Hazel McHaffie

Georgette Heyer

Georgette Heyer. The name brings a warm glow to my day. In my teens and twenties I was a huge fan of her Regency novels and snapped them up whenever I saw them second-hand.

Some for one shilling each, as you can see. Others the princely sum of two shillings and sixpence! I owned and read all except one of them, I think, and marvelled that a girl of 15 could write something as good as The Black Moth, initially to amuse her convalescent brother, but later published in 1921.

By the time she died in her seventies, she was the acclaimed author of over fifty books, but in spite of being a huge fan of hers, I confess that till this week, I’d never read one of her twelve murder mysteries. Time to remedy that and relax my mind at the same time, then. I’m in sore need of undemanding recreation right now. Think shades of Upstairs Downstairs meets Agatha Christie. The book is Why Shoot a Butler?

And indeed it’s a complete mystery why anyone would choose to murder Dawson, the trusted old butler of Norton Manor – a stately old fossil. Frightfully keen on the done thing, found with a bullet through his body on a remote road. Three murders and two burglaries keep the bumbling police totally confused while a scornful, enigmatic and imperious barrister, Frank Amberley, unravels a complicated and involved plot of much more significance then the murders themselves.

So why does Amberley keep quiet information about a female person found at the scene of the butler’s death? What is so important about a book borrowed from a dusty under-used library? What is the strange young woman at Ivy Cottage concealing, and why won’t she confide her secrets? Who is the sinister new butler who appears out of nowhere bearing unverified references? Who exactly is to be trusted?

This time around I’m much more aware of literary issues with Heyer’s writing, much as I thoroughly enjoyed the witty dialogue and element of suspense. But after all, this one was written in 1933 – language, publishing, social mores, well, pretty much everything really, was very different back then.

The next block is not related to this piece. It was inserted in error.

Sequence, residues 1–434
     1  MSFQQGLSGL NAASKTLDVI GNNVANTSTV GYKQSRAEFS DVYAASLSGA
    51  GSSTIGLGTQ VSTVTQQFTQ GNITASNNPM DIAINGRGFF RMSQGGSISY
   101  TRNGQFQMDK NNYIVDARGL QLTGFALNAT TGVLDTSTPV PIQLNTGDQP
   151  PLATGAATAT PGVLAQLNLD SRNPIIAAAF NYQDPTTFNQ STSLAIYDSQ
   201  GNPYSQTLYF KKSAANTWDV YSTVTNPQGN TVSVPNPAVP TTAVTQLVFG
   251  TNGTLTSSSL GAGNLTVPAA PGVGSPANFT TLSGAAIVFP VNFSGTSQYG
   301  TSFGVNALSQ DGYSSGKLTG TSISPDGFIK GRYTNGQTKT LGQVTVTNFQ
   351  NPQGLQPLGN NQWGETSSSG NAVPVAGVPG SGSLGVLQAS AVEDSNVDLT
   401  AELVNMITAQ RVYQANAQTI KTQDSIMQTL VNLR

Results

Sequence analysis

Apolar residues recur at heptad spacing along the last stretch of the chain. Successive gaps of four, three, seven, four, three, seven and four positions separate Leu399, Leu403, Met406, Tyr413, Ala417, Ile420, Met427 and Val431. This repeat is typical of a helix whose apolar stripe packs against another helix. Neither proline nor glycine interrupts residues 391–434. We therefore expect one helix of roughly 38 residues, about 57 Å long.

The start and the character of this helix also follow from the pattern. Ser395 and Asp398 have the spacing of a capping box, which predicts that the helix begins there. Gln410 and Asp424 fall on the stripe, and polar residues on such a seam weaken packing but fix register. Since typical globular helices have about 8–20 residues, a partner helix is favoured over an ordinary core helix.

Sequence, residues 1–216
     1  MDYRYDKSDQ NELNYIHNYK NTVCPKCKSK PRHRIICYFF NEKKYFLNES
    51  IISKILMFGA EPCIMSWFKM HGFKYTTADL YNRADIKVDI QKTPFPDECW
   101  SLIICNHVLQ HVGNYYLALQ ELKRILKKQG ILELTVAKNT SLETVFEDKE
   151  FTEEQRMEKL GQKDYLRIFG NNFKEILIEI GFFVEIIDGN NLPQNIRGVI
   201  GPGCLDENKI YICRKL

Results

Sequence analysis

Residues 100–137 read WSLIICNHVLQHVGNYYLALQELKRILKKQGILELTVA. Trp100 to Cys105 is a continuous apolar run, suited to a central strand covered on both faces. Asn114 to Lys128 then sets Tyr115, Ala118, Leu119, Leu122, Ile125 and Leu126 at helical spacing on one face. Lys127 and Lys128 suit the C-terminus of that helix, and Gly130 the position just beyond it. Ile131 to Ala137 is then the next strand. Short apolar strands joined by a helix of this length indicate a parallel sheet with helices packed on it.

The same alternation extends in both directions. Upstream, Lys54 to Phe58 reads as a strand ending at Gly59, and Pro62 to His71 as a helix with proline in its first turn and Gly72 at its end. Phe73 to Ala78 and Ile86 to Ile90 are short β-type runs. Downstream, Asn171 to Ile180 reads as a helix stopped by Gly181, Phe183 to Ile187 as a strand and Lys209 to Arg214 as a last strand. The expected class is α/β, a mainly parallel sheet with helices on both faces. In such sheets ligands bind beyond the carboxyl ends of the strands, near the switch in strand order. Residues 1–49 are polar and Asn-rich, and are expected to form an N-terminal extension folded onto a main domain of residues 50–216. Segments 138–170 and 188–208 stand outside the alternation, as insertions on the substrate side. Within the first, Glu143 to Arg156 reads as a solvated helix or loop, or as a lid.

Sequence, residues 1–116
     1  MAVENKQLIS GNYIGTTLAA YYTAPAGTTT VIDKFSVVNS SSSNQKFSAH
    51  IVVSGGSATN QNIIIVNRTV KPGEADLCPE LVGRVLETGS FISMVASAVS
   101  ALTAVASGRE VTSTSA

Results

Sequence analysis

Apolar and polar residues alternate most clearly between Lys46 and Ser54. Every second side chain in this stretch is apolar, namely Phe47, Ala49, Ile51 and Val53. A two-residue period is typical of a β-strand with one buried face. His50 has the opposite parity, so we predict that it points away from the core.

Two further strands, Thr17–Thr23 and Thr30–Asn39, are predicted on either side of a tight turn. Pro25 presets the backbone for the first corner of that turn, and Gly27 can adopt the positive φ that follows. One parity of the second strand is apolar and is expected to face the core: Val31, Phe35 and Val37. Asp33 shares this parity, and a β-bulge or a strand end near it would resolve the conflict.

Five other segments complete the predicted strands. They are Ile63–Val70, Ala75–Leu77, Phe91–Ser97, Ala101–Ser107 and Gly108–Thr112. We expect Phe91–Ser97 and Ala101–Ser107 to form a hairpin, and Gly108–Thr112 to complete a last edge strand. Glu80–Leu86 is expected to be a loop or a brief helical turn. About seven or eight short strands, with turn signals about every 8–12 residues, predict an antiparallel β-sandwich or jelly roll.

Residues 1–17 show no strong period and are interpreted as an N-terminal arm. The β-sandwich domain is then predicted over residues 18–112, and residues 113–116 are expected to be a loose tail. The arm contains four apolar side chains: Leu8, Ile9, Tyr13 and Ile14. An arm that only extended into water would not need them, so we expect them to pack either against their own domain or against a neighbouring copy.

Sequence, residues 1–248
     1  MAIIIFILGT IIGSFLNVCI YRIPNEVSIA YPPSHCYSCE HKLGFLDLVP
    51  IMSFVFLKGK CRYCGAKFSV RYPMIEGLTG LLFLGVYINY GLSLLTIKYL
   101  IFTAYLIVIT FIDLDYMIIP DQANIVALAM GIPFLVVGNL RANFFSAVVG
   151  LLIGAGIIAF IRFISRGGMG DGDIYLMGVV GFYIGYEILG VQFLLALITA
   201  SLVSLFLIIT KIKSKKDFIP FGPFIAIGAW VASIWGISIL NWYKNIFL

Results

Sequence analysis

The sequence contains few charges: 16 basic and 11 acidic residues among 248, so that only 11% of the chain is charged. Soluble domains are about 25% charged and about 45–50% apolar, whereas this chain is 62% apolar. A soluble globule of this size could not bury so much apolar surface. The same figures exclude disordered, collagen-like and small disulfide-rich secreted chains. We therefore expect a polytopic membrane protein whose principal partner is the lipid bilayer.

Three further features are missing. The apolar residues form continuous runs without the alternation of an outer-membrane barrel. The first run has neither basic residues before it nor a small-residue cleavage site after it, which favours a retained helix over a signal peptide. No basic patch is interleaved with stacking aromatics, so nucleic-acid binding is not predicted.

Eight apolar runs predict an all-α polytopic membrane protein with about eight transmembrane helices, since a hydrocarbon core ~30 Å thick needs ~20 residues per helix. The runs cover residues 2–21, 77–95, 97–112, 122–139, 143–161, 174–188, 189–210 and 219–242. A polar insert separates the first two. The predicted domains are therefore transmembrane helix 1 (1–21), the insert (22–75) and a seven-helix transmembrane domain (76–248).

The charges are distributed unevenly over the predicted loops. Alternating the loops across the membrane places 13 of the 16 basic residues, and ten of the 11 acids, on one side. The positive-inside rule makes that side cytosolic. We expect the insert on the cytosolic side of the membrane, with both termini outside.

Nowadays most editors would pounce on a lot of nitpicky points, from frequently changing points of view within chapters, through to numerous typographical errors. Modern authors are taught to keep the choice of words pared down to avoid distraction: he ‘said’ – not he ‘expostulated’, ‘ejaculated’, ‘retorted’, ‘interposed’, ‘asseverated’. The prose should show emotion not spell it out – bin the adverbs – ‘tetchily’,  ‘grumpily’, ‘maliciously’, ‘tranquilly’. It would take a brave or foolhardy man to call a fiancee ‘dear old soul’, ‘old thing’, today, I rather think. So, a product of its day, then, but a diverting read for all that, despite all the anomalies and anachronisms. And in the character of Frank Amberley I was forcibly reminded of all the rude, supercilious, entitled cads in Heyer’s romances who rode roughshod over other people’s finer feelings but nevertheless won the heart and hand of the fair lady.

Thank you again, Georgette Heyer, you lifted my spirits and took me away from twenty-first century problems. Exactly what I needed. And now, of course, I’m wanting to read the other eleven mysteries.

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